In Jesus on Death Row, Mark Osler walks us through the biblical story of Jesus's trial, conviction, and execution; and compares it to the criminal justice system in the United States of today.
Osler draws upon the 4 Gospels for the details of Jesus's trial; and upon his own experience as a prosecutor (he is now a law professor) for analogous stories in today's legal system.
The similarities are often striking.
Many practices of Jesus's time persist today. Prosecutors still rely on paid informants to bolster their case as the Pharisees famously paid 30 silver coins to Judas Iscariot; the appeal process of today, although slower, is not unlike the process that Jesus went through as he was brought before the Jewish Elders, Pontius Pilate, and Herod; Arrests today are often made when a suspect is vulnerable and unprotected, which is how Jesus was arrested at night in the garden.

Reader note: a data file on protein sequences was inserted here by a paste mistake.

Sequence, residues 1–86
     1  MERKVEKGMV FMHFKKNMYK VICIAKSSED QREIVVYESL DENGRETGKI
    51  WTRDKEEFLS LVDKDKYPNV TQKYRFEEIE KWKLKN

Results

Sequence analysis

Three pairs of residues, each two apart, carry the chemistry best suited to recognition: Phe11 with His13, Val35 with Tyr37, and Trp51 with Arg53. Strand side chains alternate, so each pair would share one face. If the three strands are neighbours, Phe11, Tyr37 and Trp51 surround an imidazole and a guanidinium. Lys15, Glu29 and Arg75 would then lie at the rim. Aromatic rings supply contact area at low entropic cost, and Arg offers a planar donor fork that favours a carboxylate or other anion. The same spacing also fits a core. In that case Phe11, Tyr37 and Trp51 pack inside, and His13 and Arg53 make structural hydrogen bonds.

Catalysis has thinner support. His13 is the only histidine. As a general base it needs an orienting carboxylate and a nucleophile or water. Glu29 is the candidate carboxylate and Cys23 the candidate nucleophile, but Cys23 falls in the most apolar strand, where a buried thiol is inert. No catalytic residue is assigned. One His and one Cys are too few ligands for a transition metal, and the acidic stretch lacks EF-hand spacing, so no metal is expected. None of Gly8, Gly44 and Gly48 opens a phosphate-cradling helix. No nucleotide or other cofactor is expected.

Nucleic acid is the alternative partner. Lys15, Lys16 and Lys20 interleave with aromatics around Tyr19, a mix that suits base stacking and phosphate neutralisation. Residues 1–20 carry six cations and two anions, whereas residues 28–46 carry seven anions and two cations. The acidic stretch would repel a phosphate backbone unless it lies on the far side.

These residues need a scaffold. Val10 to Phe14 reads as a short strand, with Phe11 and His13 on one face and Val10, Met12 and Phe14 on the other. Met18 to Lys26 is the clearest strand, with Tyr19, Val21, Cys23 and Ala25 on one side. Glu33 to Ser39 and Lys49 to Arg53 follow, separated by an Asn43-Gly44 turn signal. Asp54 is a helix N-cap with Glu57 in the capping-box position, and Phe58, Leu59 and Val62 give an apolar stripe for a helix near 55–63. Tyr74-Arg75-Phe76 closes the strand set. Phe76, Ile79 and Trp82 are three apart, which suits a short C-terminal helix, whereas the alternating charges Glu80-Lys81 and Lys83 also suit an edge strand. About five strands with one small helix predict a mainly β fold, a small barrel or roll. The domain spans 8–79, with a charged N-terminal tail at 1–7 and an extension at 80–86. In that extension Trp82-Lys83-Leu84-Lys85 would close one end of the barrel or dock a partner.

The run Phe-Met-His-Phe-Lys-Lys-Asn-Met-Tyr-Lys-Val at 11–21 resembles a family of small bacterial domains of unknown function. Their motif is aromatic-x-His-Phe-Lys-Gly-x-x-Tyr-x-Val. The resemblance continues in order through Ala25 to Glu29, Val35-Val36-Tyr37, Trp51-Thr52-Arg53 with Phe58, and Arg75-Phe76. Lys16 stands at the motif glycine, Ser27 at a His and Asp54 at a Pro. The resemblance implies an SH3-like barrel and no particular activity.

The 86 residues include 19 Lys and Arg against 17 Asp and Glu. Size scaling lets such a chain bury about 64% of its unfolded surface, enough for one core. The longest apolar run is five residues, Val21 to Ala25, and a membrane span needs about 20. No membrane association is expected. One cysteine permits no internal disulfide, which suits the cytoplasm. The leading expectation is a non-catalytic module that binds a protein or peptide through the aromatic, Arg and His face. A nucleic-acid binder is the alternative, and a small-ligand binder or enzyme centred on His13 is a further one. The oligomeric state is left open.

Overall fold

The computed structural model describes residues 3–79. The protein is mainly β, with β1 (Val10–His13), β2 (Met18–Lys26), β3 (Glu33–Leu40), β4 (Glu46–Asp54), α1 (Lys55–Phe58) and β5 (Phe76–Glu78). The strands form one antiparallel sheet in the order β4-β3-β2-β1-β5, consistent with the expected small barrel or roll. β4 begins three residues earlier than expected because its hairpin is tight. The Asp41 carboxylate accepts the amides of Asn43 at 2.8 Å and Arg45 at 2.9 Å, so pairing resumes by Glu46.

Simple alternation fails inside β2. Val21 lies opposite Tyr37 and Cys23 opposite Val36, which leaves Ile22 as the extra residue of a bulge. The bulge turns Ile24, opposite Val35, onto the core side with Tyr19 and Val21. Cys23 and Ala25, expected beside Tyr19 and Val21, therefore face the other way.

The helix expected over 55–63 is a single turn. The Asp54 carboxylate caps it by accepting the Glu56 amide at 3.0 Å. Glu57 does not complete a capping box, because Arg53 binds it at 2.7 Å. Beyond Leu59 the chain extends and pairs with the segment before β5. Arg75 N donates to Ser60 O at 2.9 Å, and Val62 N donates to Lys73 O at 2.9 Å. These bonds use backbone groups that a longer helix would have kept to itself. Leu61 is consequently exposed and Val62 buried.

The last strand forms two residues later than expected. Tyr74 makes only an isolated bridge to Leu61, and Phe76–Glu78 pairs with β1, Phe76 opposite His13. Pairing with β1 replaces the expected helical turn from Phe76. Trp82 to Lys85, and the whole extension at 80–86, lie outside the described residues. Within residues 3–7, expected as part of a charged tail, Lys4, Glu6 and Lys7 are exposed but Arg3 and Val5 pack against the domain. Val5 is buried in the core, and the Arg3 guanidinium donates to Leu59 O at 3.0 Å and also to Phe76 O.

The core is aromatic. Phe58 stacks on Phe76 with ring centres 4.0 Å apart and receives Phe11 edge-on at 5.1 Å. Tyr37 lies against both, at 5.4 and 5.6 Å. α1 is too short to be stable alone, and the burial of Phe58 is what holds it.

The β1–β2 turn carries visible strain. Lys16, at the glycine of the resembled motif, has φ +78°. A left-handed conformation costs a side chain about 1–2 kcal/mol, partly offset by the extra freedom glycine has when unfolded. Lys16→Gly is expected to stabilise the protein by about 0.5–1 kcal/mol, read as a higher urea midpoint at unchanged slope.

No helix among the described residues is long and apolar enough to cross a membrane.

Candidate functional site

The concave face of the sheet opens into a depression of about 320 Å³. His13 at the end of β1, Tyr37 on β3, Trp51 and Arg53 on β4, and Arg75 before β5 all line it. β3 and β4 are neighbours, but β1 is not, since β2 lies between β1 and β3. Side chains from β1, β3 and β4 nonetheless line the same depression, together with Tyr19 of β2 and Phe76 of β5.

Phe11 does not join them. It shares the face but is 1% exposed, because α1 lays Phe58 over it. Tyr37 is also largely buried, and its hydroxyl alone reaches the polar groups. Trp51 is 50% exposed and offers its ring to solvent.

There are differences, of course. Crucifixion was an extremely painful way to die and would not pass today's ban against cruel and unusual punishment.
Osler discusses the last meal of prisoners, which is probably the death row event with which average people can most easily identify. He notes that Jesus's last supper the night before his execution was well documented in the gospels and is a key event in Christian history.
Jesus on Death Row leaves the reader with a sense of uneasiness about the death penalty, which is a final and irrevocable sentence - particularly as we see it applied to Jesus Christ, who was guilty of no violent crime. This undercurrent isn't surprising as Professor Osler spends part of his time fighting for the rights of inmates on death row.
I found the book fascinating. I've read the Gospels, but not with an eye toward the legal aspects and how they compare with today's law. "Jesus on Death Row" gave me a new perspective on an old and familiar topic.